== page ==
Sometimes when I am hunting with my wife – possibly we have just come to the edge of some vast sea-field of wheat stubble, or climbed hands-and-knees up out of a frozen river channel and stood on an open spot from where we can see off a long way through scattered trees toward mountains, gray and ivory at the pinnacles-sometimes at such moments of reconnoiter, Kristina will say to me, “Well, which way now? Where to?” and take a deep breath and smile toward where we’re looking.
And I think to myself then – I think it every time – Which way? There’s a good question, since farther on there seems to be more wheat, and pheasants will be there if it’s early day, or late. Only, down the river the other way the banks are dense with rose briars and chokecherries, and back across there’s alfalfa, which I hadn’t seen till now. Birds can be there, too. Which way, indeed.
When I was in the 50s – I hunted with my grandfather. Quail only. Up in the direction of Clinton, or west in Yell County on a farm owned by Dizzy Dean’s brother, Paul, or in a place he simply called “Bird Town,” a spot I can never find now and that may not even exist. But on those cold December mornings, when we hunted, my grandfather always manifested a plan: “We’ll go up this gravel road a quarter mile and cross a fence to the right side into the lespedeza field. Birds were there once, just beyond the fence.” And later on, up the other side of a wooded limestone hill, to the margin of a disused cotton field: “Go up there, Dick, and see where the dog went, and if he’s not on point, then come back down and meet me where that stone house was beside the road, and well cross over the river again and work up the other way. once there was a big covey, right at the edge of the woods. It’s birdy up there.”
Of course I know now that he did not know which way. He went where he’d found birds before or he went toward what looked good at the moment he had to say where to go. The discovery of game was as much a shock to him as it was a mystery to me. He worked on faith and repetition and counted strongly on the dogs. And there were more birds then. Farming had not yet become so ruthless.
But ultimately, learning where to go next – learning where to hunt – must just have been distilled from the habit of hunting, and from his personality, and from our family’s habit of not explaining things (we never knew the explanations for most things), nor asking for explanations, and also may have come from some devout connection between hunting and the wandering human condition – a faith that not knowing is sometimes the incitement to a pleasing act of imagination.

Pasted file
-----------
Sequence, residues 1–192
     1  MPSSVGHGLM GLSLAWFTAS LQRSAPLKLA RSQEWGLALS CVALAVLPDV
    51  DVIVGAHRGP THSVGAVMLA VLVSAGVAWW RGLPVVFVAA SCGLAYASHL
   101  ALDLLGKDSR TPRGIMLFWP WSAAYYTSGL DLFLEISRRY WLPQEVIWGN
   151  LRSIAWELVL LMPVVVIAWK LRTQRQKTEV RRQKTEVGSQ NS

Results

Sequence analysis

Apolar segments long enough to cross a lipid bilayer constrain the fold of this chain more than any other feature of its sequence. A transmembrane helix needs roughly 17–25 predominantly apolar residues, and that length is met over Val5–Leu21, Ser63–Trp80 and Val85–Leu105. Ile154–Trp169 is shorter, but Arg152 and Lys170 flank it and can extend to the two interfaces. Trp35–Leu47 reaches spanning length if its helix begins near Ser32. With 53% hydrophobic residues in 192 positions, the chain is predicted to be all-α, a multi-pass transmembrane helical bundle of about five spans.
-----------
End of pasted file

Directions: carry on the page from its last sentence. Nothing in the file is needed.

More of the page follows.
Even now, when I drive past some great stubble field, as I did last November near Havre, Montana, on my way to hunt pheasants, and I see geese in flight, lowering and lowering toward the ground, and can see the specks of men in their pits waiting for a flock to come in close, close enough to be shot, what I feel underneath my exhilaration is the small, scratchy anxiety from my young years now gone – the anxiety of not knowing: How do the hunters know to hunt this field, this day? How do they know where to sink their pits? Why do they think their decoys will work? Do they call the geese or simply wait? It is not such a bad thing to feel, this anxiety. It is a kind of longing, and I’m sure I’ll have it all my life, even though I know now that the men drove out the night before in trucks and with their headlights spotted the geese feeding, guessed the birds would be back the next day, dug their pits, and simply came out and took their chances.
Sometime in the crystalline autumn of 1984, my wife decided she wanted to hunt with me – to carry a gun, to learn to find wild birds, to work hunting dogs, to shoot. And since then, in the falls and winters when I always hunt, I have tried to teach her what I know, as little as that might be. And especially, I have tried to teach her what I have just begun to describe: tolerance for the limbos and anxieties and ambiguities that seem to be near the heart of hunting…(P2)